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Catherine Uroff

Love Me Tender

Elvis showed up for Nannie’s birthday. He was a big guy with a gut, and his sparkling white, one-piece jumpsuit rode up his ass. Bonnie took one look at him as he lumbered into Nannie’s living room, clutching his unplugged electric guitar, and immediately excused herself to find Jack, her cousin. He was in the kitchen, standing in front of the open refrigerator.

“This must be something you arranged.”

“Guilty as charged,” Jack said.

“But Nannie doesn’t even like Elvis.”

Jack shrugged. “Sinatra was already booked. This was the best I could do.”

From the living room, they heard Elvis clicking on a tape deck. Background music to “Love Me Tender” came on strong.

“I wanted to do something special,” Jack said, “Come on, how often do you turn 80?”

Bonnie returned to the living room where Nannie was settled in her lounge chair with her bum leg resting on a plaid ottoman. Elvis was kneeling before her, tossing a fake microphone back and forth between his hands. He’d put on a pair of dark, oversized sunglasses. Nannie had her knitting on her lap, and she kept her fingers on the needles. Aunt Tina, Jack’s mother, stood behind Nannie’s chair; she had her hand over her mouth and Bonnie couldn’t tell if she was laughing or crying.

Elvis started to croon in a scratchy, high pitched voice that didn’t sound anything like the real singer. Bonnie winced and then headed outside. She sat on the back steps and watched Jack’s four-year-old kid, Maggie, play on the rusty red swing set that was by the fence. Every time Maggie pumped high, the play set’s legs lifted up from the ground for a second and then thumped back on the down swing. Bonnie was going to tell Maggie to be careful but then decided not to say anything, knowing full well that it wouldn’t make a difference. No matter what she said, Maggie would continue to swing as high as she could. That was just the kind of kid she was.

Bonnie put her head in her hands and looked down at the cracks in the cement steps. Busy black ants came out of the cracks and scurried past her feet. She thought about her boyfriend, Don. He was married with two kids. Nannie had met him a few times and really liked him. “So handsome,” she’d told Bonnie at first. “And that’s important, although most people try to pretend it’s not. It’s a long life we have to live. Hard to do it with ugly.” If she’d figured out anything about his wife and children, she’d never once mentioned it to Bonnie. But Aunt Tina knew. Aunt Tina caught the two of them together, both getting out of Don’s car in front of Bonnie’s apartment building. She’d stopped by to bring over some hand-me-downs—Christmas sweaters, turtlenecks, and long skirts that she no longer fit into, stuff that Bonnie, truthfully, wouldn’t be caught dead in, not that she ever had the guts to express that to her aunt. No, she always thanked her Aunt Tina repeatedly for any of her cast-off clothes—and when Aunt Tina saw Don, she yelped a little and dropped the garbage bag of clothes on her feet. Aunt Tina knew Don’s wife from church; they both taught Sunday School to the preschoolers. “Hello, Don. Please give my best to your wife,” she said before turning on Bonnie. “And you. If your mother was alive, this would just about kill her.”

On an upswing, Maggie let go of the chains, threw her body forward, and flew in the air. It looked fun for a second, or at least that was what Bonnie thought, until Maggie landed on the ground, her legs crumbled beneath her, her cheek flat on the grass. Bonnie got up and ran to her, yelling as she went—“Jack! Jackie!”— and before she even reached Maggie, she heard the back door slam. She crouched down and all she got to do was touch Maggie’s shoulder before Jack was there also. Maggie lifted her head. Her face was dirty but Bonnie couldn’t tell if it was from the mud on the ground or the chocolate ice cream she’d devoured before coming outside.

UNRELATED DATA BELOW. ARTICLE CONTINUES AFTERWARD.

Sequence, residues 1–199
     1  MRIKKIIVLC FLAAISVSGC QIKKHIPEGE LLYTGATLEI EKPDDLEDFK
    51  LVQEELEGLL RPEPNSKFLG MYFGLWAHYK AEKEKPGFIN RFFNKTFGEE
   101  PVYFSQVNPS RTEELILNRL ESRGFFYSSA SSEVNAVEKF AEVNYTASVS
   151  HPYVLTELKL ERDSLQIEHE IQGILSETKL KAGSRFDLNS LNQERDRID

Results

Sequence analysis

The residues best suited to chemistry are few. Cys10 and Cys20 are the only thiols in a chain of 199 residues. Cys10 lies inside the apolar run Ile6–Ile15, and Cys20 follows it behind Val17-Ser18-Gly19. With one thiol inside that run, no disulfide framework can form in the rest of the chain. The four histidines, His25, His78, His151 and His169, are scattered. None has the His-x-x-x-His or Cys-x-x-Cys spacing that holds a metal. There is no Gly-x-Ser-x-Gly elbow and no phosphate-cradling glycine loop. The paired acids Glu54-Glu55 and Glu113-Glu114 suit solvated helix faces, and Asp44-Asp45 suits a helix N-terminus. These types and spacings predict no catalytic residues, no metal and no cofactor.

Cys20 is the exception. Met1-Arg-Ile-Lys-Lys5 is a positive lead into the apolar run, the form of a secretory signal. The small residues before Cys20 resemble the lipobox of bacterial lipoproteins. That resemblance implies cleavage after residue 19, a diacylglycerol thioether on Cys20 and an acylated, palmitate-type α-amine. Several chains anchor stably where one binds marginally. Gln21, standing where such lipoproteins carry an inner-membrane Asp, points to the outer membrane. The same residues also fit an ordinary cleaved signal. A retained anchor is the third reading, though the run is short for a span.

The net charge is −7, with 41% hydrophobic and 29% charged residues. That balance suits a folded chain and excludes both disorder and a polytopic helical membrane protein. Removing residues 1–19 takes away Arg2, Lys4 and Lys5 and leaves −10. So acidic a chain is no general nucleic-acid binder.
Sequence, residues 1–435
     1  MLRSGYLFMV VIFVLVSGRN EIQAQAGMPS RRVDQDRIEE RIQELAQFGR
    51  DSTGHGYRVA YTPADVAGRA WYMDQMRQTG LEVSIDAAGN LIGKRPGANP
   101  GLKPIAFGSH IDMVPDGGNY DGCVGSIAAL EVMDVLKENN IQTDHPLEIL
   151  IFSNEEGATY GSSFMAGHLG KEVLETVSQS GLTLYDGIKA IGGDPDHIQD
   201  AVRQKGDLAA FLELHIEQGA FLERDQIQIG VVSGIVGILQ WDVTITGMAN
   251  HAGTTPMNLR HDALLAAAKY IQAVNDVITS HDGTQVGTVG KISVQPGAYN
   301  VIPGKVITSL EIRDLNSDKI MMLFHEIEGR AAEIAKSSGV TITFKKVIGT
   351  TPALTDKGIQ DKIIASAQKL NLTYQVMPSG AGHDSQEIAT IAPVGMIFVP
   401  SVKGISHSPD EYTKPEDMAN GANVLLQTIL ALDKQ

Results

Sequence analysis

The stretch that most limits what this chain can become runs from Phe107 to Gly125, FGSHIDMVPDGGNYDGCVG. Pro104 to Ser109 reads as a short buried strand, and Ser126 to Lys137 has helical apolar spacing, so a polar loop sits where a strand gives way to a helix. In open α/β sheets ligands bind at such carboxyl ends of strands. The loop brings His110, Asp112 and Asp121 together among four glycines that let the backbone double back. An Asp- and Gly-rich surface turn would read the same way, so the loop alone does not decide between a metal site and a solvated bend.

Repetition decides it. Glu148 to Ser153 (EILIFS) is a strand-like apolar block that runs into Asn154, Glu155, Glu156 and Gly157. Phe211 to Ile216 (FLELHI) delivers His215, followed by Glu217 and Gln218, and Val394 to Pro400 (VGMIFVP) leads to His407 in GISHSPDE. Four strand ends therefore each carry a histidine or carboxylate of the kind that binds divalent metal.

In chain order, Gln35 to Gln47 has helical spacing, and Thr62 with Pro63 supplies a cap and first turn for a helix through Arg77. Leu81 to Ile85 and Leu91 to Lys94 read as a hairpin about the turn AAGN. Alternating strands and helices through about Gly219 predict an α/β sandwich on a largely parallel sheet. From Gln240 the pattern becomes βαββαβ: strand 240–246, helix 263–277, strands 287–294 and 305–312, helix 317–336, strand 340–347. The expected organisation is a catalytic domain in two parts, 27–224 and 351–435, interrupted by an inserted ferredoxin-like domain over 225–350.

“Jesus,” Jack said, “What the hell?”

“She fell.”

Maggie started to cry. She opened her mouth, closed her eyes, and, blindly, reached for her father.



“Weren’t you watching?”

“It happened so fast.”


Jack hugged Maggie. Bonnie admired the competent way that he soothed her, stroking her hair, landing little kisses on her forehead. All of it worked; Maggie soon stopped crying and nestled herself into her father’s arms.

Back when Bonnie and Jack were kids, they used to play together every day in the summer because Bonnie lived with Nannie and Aunt Tina needed someone to watch Jack while school was out. They liked to play tennis at the public park, just down the street from Nannie’s house, lazily hitting the balls back and forth to one another since neither one of them knew how to properly score a game. One day, they were on the court, both of them barefoot, and Bonnie, as she was preparing to serve, stepped on a bee. The pain of the sting was quick and fierce. She threw her racket and the ball in the air. Jack just looked at her until Bonnie started hopping on one leg. “Help me, help me, oh please, someone help me,” Bonnie yelled. Jack came running over to her, jumping over the net to get to her quickly. She pointed to her foot. “Something got me,” she said, making it sound much more exotic than it was: a mere bee sting. He picked her up and carried her back to Nannie’s—two or three blocks away it was—and someone took the stinger out. She didn’t feel a thing after that. Those courts weren’t there anymore. The town had let them get overgrown, weedy, and then, eventually, someone took the fence and nets down.

“What’s going on in there?” Bonnie asked Jack, jerking her thumb behind her, towards the house.

“’Suspicious Minds.’”

“What’s Nannie doing?”

“I think she’s knitting.”

“Daddy, I want some more ice cream,” Maggie whined.

Jack nodded absentmindedly. “Sure, sure, a little treat won’t kill you.”

They went back inside the house, leaving Bonnie alone. She thought about Jack, how natural he seemed to be as a father. She wondered if her boyfriend Don was the same way with his children, Gracie and Paul. She’d seen photos of them in his wallet, school photos with the standard, swirly blue background. Gracie was missing her two top teeth. Paul had jug ears and his hair was cut so short Bonnie couldn’t tell what color it was.